There’s ‘The Play’ by C J Dennis, read it all, it’s quite a hoot,

His quintessential Ockers, give old Shakespeare the boot.

The poem, ‘The women of the West, ‘by George Evans Essex,

Tells of the harsh unremitting life, of the colonial, fairer sex.

So there it is dear reader, I think you’ve heard it all,

of what you’ll find on the inside, of the hallowed toilet stall.

When next you stand and wash your hands in some toilet near

or far,

Remember the poets toilet, Down Under in Gunnedah.

Laurie Smith©2013

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13 thoughts on “Weekend in Gunnedah.

  1. liz blackmore

    My friend I owe you something, a comment, I won’t rehearse
    You are indeed a poet, quite valid in your verse!
    I find the comment from your wife is rather quite revealing
    Of the lengths that artists go to when something is appealing.
    So thank you Laurie, for your works that awe and yes, inspire.
    I hope that I can copy you when at last Ican retire!

    Thank you once again for the post! Hugs to you!

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    Reply
    1. laurie27wsmith Post author

      Thanks so much Liz, that was great, I love poetry and rhyme. Being on the road would give you inspiration, I hope you can retire soon with wealth and good health.
      Big bear Hugs back at ya.
      Laurie.

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    1. laurie27wsmith Post author

      Thanks so much Raani, I have a collection lurking on my computer which I will bring out on my blog as I go. Might even do a dedicated page. I kind of kept it under my hat there, I’ve loved rhyme since I was a boy. So prepared to be surprised:-0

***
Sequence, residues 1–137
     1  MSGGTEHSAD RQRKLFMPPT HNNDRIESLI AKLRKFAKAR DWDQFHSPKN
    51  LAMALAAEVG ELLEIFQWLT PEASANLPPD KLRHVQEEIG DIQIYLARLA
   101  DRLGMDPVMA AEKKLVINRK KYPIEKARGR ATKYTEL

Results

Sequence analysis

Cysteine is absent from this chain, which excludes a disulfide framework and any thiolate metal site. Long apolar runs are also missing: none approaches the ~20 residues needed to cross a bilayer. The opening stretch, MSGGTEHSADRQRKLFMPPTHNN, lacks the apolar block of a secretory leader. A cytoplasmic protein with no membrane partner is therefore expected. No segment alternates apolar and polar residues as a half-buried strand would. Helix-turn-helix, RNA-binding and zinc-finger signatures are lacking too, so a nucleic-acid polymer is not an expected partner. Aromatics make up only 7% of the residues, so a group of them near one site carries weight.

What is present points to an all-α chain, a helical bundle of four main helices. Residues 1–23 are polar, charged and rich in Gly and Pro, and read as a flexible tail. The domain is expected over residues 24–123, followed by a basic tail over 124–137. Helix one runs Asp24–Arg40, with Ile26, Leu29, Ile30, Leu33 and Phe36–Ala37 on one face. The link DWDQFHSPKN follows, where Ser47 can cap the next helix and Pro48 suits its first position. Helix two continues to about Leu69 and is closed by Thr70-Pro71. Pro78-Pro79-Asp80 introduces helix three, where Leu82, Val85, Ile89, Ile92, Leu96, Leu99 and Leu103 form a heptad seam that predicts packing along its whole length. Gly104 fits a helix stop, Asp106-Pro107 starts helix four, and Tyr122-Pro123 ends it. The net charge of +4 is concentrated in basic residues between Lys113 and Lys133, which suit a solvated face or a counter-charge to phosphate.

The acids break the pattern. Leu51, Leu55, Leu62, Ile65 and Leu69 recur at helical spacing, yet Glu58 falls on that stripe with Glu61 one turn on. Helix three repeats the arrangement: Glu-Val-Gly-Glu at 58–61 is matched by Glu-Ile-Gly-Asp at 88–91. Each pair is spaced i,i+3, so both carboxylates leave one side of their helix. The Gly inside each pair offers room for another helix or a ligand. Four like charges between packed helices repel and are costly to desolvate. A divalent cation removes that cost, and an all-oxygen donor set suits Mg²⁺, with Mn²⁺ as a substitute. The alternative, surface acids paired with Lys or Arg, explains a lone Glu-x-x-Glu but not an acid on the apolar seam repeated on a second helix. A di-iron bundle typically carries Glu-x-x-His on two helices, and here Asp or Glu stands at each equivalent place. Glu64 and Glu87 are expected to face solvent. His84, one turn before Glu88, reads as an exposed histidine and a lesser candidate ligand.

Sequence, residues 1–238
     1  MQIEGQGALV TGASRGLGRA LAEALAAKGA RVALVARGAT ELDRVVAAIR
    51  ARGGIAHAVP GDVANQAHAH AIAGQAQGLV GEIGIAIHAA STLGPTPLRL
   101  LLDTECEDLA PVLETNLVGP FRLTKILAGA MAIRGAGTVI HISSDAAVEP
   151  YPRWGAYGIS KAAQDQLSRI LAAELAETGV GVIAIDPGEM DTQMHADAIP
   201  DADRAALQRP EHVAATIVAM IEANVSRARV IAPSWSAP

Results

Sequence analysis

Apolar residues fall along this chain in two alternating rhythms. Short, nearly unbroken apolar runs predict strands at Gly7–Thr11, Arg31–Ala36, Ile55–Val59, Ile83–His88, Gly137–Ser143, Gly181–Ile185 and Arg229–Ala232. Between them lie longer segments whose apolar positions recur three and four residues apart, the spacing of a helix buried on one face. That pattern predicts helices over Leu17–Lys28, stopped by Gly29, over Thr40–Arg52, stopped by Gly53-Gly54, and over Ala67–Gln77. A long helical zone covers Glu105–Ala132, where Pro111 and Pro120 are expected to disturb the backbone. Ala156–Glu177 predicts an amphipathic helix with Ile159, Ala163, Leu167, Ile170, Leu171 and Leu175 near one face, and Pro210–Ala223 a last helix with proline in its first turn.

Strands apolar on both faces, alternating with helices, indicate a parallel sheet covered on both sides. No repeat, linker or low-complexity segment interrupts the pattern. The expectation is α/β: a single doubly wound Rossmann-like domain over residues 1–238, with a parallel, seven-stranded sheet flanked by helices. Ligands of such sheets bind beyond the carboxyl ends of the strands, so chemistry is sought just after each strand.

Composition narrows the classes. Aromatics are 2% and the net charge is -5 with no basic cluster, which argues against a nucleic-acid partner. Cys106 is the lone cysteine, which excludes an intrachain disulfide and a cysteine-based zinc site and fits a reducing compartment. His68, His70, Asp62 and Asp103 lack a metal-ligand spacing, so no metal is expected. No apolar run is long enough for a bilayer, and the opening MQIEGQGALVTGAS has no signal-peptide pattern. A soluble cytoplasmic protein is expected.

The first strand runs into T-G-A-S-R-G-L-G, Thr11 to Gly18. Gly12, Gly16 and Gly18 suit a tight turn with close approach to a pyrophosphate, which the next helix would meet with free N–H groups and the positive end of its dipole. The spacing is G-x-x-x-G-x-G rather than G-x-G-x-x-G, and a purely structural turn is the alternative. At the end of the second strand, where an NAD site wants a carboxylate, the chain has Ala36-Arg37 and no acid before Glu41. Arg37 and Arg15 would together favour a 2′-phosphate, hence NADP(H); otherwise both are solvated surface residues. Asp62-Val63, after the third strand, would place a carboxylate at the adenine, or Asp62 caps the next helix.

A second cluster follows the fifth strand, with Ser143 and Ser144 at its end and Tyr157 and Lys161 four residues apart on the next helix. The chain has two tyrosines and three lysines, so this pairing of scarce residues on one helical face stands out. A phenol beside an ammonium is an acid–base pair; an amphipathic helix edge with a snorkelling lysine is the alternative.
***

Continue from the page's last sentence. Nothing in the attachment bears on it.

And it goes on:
Laurie

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  2. kelihasablog

    😀 I love your poem! That is so well done, but I must say, that picture of the garden gate/door reminds me of my own visualization as a child of the door from the book “The Secret Garden”. Magnificent! 😀

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    Reply
    1. laurie27wsmith Post author

      Thanks Keli, I like it to 🙂 The first thing I said to my wife when we stopped in front of that gate was, ‘It looks like it’s from the secret garden.’ Believe me the garden was very overgrown behind it.
      Laurie.

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  3. Joy V. Smith

    That is a beautiful gate, but what an impressive loo! I wonder whose idea it was to put up The Man from Snowy River art (I love that scene) and focus on the poetry. I appreciated the statue of the woman poet also. And your poem!

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    Reply
    1. laurie27wsmith Post author

      Thanks Joy, the gate reminds me of a secret garden. Maybe ‘movement at the station’ had them thinking about it:-D It is amazing how many of these country towns have such cultural backgrounds. A poet’s loo, who would have thought? Thanks so much for dropping by.
      Laurie